If the policy of their company doesn’t change I don’t believe that we buy further instruments from Waters… Looking at the price for the machine I think buying some big cars to impress the girls would have been a much better investment ;-)

Very first time with a Synapt

Yesterday I had my first date with a SYNAPT™ from Waters. A workgroup from the biocentrum bought one, this week it was delivered.

So what’s a SYNAPT™? I would say it’s actually the cream of the crop of mass spectrometry platforms. It primarily differs from other platform in the feature of separation in terms of ion mobility.

Common platforms like QTof’s might distinguish between two peptides based on their mass, so they are separated in an Quadrupole, their mass over charge (m/z) is afterwards measured by their TOF. But there is a challenge with isobars. Since they have the same mass you’ll only get one peak for all of them. You are not able to differentiate between different elementary compositions with equal masses.

Waters now brings light to the dark. They developed a very new dimension of discovery. Their Triwave™ Technology allows you to dissolve different shapes of ions with equally mass. Actually I can’t tell you how it works, but take two sheets of paper, crush one of it and throw both out of your window. You see, there are some physics that let one of these papers reach the ground faster than the other one. With the SYNAPT™ you are able to distinguish between elements in your sample based on their shape.

With the upstream UPLC a species gives a peak in an spectrum, specified by retention time, m/z, shape and intensity. A new challenge to analyze and evaluate the resulting data.

(Fortunately) there was a small problem with the machine, so I was able to take a look inside. It was amazing to see the guts of this big box, stuffed with filigree technique!!

I think I felt in love with this machine.. Bad news for my wife, but that’s life ;-)

ShortCut[RegEx]: x-modifier

Independent of your programming experiences, you should have learned that regular expressions are more or less write-only.

Write-only? What is he talking about!? Actually I revisited some Perl code with a relatively short reg-ex. Do you think I was able to understand what I’ve thought when I created that piece of code? Not in the slightest!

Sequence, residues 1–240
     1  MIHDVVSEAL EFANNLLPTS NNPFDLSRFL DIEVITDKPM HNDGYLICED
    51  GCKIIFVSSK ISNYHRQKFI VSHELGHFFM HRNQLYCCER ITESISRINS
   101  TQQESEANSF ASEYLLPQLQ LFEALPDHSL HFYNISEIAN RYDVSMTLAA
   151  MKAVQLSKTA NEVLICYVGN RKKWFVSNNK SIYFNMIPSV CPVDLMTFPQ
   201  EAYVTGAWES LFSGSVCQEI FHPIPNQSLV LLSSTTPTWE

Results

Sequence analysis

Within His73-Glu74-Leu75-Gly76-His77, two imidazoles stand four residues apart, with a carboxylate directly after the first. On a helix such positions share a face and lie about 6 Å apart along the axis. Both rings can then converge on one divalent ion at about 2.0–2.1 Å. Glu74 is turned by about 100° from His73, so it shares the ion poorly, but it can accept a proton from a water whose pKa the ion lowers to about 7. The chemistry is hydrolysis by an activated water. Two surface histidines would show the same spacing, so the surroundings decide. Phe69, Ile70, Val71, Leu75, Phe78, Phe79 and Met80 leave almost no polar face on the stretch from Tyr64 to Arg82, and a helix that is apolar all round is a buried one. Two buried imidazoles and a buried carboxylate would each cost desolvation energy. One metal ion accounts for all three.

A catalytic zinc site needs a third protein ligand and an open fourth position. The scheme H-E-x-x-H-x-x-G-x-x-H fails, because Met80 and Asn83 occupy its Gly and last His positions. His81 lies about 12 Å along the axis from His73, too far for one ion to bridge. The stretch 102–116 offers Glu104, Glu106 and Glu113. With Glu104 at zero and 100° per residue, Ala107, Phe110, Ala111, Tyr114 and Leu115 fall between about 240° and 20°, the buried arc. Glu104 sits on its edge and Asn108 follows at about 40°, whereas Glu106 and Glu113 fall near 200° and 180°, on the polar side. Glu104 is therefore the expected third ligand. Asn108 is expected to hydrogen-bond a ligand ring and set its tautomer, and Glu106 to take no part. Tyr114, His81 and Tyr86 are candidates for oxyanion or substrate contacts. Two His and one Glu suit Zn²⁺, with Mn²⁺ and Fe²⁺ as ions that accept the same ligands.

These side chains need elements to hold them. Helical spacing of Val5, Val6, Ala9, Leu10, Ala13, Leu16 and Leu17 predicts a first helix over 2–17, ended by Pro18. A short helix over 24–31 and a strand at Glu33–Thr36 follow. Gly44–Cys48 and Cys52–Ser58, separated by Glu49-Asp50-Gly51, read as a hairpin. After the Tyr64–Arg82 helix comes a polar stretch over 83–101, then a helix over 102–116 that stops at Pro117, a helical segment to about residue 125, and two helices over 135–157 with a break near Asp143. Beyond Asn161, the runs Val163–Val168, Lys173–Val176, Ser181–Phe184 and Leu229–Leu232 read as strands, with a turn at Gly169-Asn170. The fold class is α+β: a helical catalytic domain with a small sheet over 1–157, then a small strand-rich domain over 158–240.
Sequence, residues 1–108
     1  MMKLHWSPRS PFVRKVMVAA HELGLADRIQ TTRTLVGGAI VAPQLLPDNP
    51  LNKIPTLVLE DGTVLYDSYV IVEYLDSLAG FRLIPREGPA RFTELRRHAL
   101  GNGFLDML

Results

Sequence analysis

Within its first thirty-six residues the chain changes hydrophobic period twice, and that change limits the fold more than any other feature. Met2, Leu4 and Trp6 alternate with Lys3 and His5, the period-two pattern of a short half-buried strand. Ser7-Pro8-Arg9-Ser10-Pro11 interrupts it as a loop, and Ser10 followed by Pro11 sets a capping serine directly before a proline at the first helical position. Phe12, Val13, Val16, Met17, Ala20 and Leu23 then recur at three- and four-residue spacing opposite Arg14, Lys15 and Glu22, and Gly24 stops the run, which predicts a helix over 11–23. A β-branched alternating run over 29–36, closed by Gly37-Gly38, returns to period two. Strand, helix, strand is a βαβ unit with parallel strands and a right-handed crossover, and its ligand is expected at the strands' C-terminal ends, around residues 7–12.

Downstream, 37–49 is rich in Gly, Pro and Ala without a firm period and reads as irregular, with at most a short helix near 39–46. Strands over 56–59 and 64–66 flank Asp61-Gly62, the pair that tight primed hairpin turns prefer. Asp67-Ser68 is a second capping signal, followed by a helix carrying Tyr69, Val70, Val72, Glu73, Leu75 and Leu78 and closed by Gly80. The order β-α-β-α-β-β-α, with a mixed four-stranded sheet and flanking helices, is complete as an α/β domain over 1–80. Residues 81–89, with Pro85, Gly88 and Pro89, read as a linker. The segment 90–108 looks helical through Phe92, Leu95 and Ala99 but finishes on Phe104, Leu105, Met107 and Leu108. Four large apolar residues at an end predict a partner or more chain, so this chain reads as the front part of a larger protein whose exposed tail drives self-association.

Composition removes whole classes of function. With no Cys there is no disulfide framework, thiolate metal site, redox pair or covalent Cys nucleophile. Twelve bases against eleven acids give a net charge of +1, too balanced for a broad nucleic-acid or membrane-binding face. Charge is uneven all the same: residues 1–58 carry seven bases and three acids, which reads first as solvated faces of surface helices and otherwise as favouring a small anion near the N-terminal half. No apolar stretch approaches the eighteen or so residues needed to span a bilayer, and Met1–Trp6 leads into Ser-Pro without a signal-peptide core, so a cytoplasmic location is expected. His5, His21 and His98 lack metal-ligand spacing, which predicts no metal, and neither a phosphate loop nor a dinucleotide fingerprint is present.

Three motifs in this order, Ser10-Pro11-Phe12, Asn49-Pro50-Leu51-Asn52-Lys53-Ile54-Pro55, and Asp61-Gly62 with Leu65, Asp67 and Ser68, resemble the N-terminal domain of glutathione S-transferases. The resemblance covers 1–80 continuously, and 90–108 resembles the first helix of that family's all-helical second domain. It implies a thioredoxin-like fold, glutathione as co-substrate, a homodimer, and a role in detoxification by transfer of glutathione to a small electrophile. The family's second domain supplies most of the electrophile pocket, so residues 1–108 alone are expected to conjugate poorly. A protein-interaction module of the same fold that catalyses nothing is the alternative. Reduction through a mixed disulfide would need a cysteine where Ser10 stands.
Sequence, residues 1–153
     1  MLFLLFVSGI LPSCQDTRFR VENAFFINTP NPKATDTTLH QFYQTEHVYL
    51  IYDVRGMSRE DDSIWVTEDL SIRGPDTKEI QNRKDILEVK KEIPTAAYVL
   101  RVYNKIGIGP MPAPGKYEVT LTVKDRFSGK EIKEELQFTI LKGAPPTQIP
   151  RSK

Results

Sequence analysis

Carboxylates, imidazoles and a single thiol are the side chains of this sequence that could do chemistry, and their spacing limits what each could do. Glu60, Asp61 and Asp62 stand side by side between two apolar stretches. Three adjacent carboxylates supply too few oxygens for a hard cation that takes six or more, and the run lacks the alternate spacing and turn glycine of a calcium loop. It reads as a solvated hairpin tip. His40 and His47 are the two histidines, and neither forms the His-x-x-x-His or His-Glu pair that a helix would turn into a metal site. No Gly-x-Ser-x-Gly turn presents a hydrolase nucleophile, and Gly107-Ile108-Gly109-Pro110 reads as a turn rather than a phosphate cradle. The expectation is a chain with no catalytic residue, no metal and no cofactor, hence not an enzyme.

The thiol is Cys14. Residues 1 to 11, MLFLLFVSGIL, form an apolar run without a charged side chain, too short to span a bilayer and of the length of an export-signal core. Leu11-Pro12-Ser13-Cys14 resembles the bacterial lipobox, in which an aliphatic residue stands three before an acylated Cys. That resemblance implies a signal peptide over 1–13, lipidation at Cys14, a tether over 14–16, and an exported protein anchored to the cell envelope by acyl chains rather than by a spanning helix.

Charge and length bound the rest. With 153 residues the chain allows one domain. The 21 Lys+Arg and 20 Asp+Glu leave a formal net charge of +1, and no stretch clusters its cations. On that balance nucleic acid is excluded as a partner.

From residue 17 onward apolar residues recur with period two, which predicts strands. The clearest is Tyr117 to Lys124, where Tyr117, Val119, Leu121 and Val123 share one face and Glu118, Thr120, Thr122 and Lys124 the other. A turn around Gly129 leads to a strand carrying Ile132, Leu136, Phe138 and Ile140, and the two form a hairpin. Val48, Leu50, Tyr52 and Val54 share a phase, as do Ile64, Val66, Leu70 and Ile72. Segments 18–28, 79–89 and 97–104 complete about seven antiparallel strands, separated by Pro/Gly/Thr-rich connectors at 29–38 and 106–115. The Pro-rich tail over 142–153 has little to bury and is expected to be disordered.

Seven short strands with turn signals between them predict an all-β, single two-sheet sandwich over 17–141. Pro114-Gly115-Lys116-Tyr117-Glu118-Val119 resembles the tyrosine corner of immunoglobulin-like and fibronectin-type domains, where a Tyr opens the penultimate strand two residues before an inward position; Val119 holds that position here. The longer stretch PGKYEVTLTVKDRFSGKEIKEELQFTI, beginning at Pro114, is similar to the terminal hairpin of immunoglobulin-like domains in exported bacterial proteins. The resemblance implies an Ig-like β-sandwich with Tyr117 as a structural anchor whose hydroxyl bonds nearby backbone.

But there is a smart modifier, that enables you to comment your regular expressions: x. With /x all white-spaces are ignored and with an unescaped # the rest of the line is treated as a comment. I found a nice example, what do you think is this expression for:


No idea? Don’t even bother, I’m also stumped… Here is the solution: It’s used to check for prime numbers ;-) Using the x-mod the explanation looks much more readable (via Neil Kandalgaonkar):

  ^1?$   # matches beginning, optional 1, ending.
         # thus matches the empty string and "1".
         # this matches the cases where N was 0 and 1
         # and since it matches, will not flag those as prime.
|   # or...
  ^                # match beginning of string
    (              # begin first stored group
     1             # match a one
      1+?          # then match one or more ones, minimally.
    )              # end storing first group
    \\1+            # match the first group, repeated one or more times.
  $                # match end of string.

So you see, it’s really helpful to use the x-modifier. At least for your own understanding :-P

A bit more explanation can be found on

Talking R through Java

Today I played a bit with JRI as part of rJava, a Java-R-interface. Here you can learn how to setup for Debian/Ubuntu/akins.


Assuming you have a running version of Java and GNU’s R, you have to install r-cran-rjava :

aptitude install r-cran-rjava

Shell environment

To talk to R through Java you have to specify three more environmental variables. First of all you need to publish you R installation path, my R is found in /usr/lib64/R :

export R_HOME=/usr/lib64/R

If you didn’t or the path is wrong you’ll fall into trouble:

R_HOME is not set. Please set all required environment variables before running this program.

Second the $CLASSPATH needs to get an update. Precisely you have to add the archives JRIEngine.jar , JRI.jar and REngine.jar . In my case all of them can be found in /usr/lib/R/site-library/rJava/jri/ , so the $CLASSPATH should be set like that:

export CLASSPATH=.:/usr/lib/R/site-library/rJava/jri/

If the $CLASSPATH isn’t defined correctly you won’t be able to compile your Java code.

Last but not least you have to add the native JRI-library to your $LD_LIBRARY_PATH , by default this lib is located in the same directory like the jar’s:

export LD_LIBRARY_PATH=/usr/lib/R/site-library/rJava/jri/

If the $LD_LIBRARY_PATH isn’t proper you’ll experience errors like this:

Cannot find JRI native library!
Please make sure that the JRI native library is in a directory listed in java.library.path.

java.lang.UnsatisfiedLinkError: no jri in java.library.path
        at java.lang.ClassLoader.loadLibrary(
        at java.lang.Runtime.loadLibrary0(
        at java.lang.System.loadLibrary(
        at org.rosuda.JRI.Rengine.<clinit>(

To not always do the same you might write these export stuff to your .bashrc or .zshrc respectively.

Eclipse setup